“It’s beautiful isn’t it?” he smiled.
Estok said this venture will likely open the door to more collaboration among the churches.
“I imagine there’ll be other things we do,” he said.
Ward 4 Councilman Paul Marnecheck and Ward 3 Councilman Dan Langshaw, who both call St. Albert home, attended the event. Marnecheck helped served meals. Langshaw had a plate with his family but felt called to do more in the future.
“I’m going to volunteer next month. This is my home church. It makes me happy to live in North Royalton. It’s inspiring me to be a part of it. Why not next month?” Langshaw said.
While volunteers loaded plates that servers carried directly to seated guests, other volunteers were in the kitchen keepin’ the food a’comin’.
Carole Kralik, of St. Albert, was in the back peeling potatoes.
She enjoys serving God by helping others, adding it doesn’t take a lot of money or talent to help a neighbor in need, it just takes a servant’s heart.
“I feel called to do this,” Kralik said. “Yep, you can serve God peeling potatoes.”
The church was planning for 200 guests but made food for much, much more just in case they were hit with a big crowd.
They served up 170 pounds of chicken, three big cases of sweet potatoes and a big case of green beans.
“We’ll have plenty of food,” Mary Zawie, a St. Albert parishioner, said.
Any leftovers were sent downtown to those in need.
Meanwhile back in the dining room, Dorothy Radtke, of Parma Heights, was enjoying the meal and the company. She met a few new friends at the event.
“I think it’s nice to get together and meet new people. This meal is interesting. One, you can say hi to someone you didn’t even know before and two, it’s great for seniors who don’t have a lot of places to go,” Radtke said. “It’s beautiful.”
Joe MacDonald, who grew up in Parma but is new to North Royalton, said the meal was great way for him and his girlfriend Monica Karcz to plug into North Royalton. They’re trying to make connections in the community through a variety of ways.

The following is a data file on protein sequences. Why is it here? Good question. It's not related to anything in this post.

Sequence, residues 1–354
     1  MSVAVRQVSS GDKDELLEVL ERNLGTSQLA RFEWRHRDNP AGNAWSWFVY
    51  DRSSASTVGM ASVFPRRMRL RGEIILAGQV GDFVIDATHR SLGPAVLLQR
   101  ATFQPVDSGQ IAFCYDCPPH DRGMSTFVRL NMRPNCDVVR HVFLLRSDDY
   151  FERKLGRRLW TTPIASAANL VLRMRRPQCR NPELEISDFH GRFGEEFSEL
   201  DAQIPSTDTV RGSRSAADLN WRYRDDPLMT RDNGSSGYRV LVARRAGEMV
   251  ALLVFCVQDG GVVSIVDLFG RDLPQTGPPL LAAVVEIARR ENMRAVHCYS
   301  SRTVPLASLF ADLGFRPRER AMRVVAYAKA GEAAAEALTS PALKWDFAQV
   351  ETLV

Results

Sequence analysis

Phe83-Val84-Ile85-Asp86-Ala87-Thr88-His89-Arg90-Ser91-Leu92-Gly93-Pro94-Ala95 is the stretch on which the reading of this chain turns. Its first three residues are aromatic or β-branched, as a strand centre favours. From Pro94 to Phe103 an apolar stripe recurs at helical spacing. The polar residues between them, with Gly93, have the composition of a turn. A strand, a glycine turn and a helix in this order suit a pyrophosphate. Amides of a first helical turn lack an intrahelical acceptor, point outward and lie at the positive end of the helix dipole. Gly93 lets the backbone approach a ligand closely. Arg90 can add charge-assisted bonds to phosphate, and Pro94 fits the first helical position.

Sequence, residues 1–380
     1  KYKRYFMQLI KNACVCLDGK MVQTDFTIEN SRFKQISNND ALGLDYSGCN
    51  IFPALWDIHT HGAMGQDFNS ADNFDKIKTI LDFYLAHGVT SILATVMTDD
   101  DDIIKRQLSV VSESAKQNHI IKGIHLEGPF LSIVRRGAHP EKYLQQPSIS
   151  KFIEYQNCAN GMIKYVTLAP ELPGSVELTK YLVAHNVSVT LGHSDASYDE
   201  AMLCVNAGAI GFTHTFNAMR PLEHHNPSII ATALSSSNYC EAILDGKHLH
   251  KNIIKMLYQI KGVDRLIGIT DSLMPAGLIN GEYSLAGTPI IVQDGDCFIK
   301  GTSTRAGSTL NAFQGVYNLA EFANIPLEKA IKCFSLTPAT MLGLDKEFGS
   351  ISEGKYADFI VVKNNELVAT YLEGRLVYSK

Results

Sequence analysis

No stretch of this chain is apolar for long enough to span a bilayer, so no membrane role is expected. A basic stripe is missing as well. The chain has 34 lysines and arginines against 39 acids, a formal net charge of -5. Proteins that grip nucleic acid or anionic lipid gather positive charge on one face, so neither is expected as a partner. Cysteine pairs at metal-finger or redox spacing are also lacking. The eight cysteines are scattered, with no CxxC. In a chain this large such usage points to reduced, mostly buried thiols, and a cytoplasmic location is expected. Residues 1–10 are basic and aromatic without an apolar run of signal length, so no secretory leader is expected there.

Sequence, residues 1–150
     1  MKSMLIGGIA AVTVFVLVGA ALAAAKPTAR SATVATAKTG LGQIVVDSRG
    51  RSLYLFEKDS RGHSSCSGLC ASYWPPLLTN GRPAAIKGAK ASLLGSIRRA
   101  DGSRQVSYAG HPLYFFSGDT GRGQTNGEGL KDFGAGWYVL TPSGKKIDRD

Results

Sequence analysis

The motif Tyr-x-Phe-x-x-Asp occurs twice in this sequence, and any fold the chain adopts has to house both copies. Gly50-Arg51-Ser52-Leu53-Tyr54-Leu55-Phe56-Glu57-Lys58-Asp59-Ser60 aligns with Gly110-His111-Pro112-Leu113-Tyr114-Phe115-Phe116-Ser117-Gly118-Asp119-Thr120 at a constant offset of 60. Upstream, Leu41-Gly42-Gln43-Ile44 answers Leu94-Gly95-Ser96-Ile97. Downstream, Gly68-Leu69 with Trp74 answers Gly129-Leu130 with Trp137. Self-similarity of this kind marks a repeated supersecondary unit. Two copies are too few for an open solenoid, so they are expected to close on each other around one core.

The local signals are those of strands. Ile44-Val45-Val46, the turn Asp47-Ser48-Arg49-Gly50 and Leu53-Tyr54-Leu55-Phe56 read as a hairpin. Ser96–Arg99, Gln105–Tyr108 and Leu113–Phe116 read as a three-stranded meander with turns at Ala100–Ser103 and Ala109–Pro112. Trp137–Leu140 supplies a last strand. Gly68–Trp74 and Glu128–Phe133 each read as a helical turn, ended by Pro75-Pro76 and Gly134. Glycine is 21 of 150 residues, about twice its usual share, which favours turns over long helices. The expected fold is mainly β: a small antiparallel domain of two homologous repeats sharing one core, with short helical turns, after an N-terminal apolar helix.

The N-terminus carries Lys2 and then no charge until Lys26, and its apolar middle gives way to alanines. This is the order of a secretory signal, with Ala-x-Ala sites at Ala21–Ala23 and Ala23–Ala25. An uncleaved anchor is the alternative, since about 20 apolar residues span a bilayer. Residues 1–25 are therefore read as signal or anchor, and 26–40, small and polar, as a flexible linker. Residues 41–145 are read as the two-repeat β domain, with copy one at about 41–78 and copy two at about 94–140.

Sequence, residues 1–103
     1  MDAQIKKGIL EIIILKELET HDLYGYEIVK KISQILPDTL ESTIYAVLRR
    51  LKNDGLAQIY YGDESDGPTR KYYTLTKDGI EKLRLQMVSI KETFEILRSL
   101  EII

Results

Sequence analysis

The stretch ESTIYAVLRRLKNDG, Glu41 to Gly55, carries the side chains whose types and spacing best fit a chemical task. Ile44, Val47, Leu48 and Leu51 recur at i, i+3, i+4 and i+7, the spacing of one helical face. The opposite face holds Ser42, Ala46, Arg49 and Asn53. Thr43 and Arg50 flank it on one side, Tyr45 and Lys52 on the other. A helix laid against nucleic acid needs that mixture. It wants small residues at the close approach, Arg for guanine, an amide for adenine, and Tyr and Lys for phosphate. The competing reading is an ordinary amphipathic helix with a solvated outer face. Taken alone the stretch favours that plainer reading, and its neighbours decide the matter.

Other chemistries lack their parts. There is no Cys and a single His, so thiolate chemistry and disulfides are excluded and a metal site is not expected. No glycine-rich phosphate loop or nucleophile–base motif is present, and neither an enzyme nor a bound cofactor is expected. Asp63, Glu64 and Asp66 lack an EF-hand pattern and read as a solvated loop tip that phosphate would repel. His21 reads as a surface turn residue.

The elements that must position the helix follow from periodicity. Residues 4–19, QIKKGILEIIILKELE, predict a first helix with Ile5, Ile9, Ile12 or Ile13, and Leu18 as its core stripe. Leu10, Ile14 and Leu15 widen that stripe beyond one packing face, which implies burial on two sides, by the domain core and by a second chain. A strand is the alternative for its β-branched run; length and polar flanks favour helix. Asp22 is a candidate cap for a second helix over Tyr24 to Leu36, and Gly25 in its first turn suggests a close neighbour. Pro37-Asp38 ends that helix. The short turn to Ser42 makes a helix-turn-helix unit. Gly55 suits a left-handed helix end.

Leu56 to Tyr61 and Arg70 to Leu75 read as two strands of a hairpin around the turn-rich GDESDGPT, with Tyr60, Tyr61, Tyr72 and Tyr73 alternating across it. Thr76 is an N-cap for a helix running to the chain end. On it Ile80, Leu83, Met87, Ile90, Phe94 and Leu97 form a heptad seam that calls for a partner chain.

MacDonald phoned Stefanik recently asking for suggestions. Stefanik mentioned attending council meetings, which MacDonald did. He met Marnecheck who told him about the meal.
He said his church, Southwest Unitarian Universalist Church, is thinking of getting involved in the future.
“It’s about helping people in need who have very little food to eat. It’s a great idea, and we’re happy to help out,” he said. “And it’s great that it’s not just one church, but it unites the churches and people from all walks of life. It’s helping people in need and forming acquaintances. You never know where those other connections can lead.”
He’s already looking forward to the next one.
So are twin sisters Ann and Barbara Butler, St. Albert parishioners from North Royalton. They summed up the meal best.
“It’s just very important to help other people that need help,” Ann Butler said.
“It’s paying it forward,” Barbara Butler added, “paying it forward.”
A meal a month is planned for the next 12 months. All will be hosted on the last Sunday of the month – May 25, June 29, July 27, Aug. 31, Sept. 28, Oct. 26, Dec. 28, Jan. 25, Feb. 22 and March 29 – and at St. Albert with the exception of October’s meal which will be hosted by St. Paul while St. Albert under goes renovations.
There will be no community meal in November, however, Royal Redeemer will be hosting its annual Care and Share Thanksgiving meal Nov. 27.